I find it interesting that at parties it is quite common to hear someone say; “I was never good at Maths.” It seems there is no embarrassment associated with this statement at all. It would be highly unlikely, though, that somebody would be comfortable admitting they are illiterate.

I often wonder why it is that we assume that everyone should be able to read and write, while it seems entirely acceptable that many people should have poor Maths skills. This interesting article from the New York Times suggests this is because we “think of math ability as something we’re born with, as if there’s a “math gene” that either you inherit or you don’t.”

The upside

Looking from a different perspective, because Maths is seen as being so challenging, it is my experience that when students do make progress in this subject (particularly if they have struggled in the past) their confidence in general receives an enormous boost.

There is no doubt that literacy and numeracy lay the cornerstones for the core foundational skills that students need. Confidence in Maths also often opens doors to opportunities that students might not have previously considered.

Can all children be good at Maths?

It is my belief that all children have the potential to perform well in Maths, but this, of course, depends on a range of considerations.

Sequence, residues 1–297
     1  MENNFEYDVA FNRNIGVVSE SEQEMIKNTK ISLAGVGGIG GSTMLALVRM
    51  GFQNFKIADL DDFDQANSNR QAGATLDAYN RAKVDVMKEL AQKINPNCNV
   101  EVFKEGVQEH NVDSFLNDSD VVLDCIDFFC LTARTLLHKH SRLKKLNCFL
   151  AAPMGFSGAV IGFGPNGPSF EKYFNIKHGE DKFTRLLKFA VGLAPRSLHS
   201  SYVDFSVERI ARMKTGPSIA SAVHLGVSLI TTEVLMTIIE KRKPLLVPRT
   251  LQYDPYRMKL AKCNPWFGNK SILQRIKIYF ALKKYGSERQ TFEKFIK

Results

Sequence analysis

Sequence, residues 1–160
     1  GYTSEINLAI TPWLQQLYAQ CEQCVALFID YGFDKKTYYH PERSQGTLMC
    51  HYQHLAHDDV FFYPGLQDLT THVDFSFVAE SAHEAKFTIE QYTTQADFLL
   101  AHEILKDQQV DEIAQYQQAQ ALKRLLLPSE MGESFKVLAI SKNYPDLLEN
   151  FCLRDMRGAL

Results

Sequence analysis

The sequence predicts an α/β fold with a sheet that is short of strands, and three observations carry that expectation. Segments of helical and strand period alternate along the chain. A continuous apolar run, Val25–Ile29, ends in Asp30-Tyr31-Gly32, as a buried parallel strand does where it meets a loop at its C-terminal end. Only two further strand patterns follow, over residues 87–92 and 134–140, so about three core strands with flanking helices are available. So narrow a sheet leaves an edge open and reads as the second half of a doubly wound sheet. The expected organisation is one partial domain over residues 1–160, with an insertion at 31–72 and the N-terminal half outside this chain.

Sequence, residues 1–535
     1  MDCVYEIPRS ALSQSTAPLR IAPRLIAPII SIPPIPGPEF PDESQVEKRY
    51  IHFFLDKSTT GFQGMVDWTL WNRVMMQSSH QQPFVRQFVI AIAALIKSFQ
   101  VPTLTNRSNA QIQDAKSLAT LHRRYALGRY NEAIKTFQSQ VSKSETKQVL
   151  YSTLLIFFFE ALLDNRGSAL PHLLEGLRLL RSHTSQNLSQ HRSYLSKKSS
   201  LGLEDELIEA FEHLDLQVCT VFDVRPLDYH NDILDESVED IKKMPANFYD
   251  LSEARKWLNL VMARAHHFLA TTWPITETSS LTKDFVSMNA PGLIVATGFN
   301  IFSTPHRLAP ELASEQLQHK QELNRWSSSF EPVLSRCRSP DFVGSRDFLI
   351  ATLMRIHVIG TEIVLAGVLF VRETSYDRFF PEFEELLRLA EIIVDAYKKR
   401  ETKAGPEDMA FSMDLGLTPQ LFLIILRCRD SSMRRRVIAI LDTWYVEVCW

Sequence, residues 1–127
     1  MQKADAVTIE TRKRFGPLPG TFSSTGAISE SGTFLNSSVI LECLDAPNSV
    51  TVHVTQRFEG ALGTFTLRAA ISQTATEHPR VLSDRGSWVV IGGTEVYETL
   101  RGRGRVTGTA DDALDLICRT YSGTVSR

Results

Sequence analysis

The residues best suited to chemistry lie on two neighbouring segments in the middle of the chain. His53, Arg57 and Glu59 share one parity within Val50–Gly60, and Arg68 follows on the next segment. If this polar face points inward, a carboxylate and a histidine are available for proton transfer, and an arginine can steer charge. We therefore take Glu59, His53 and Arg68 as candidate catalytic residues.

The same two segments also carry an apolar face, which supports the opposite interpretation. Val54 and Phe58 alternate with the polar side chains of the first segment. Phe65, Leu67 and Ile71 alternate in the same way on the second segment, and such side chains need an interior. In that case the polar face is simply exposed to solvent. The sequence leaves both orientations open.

In addition to factors such as consistency and an awareness of how well each child is really grasping concepts being presented, the actual teaching of the subject obviously needs to employ the right approach. Unfortunately, at present there is a lot of debate as to what this actually is. The Australian curriculum progresses through its metamorphosis and NAPLAN receives more and more criticism.

It seems to me, from my experience, that the key to children becoming successful at school within the current system is still (in principle, at least) fairly simple.  As confidence in Maths stems from having a solid foundation, the only way to have a real impact on performance is to find out where a child is at and then build on this knowledge.

What does it take to see success?

It is no longer enough to get students to sit in their rooms (or behind a desk at school) and rote-learn subject matter. Maths can make sense, but only if each component builds from what the previous one hinted at.

Of the hundreds of students I have had the pleasure of teaching, each one made progress and many excelled. The most rewarding aspect, for me, though, is not just the academic improvement, but the change in attitude that I often see once confidence is regained. So, upon reflection, I would say; “Yes, being great at Maths really is important. It’s also entirely achievable!”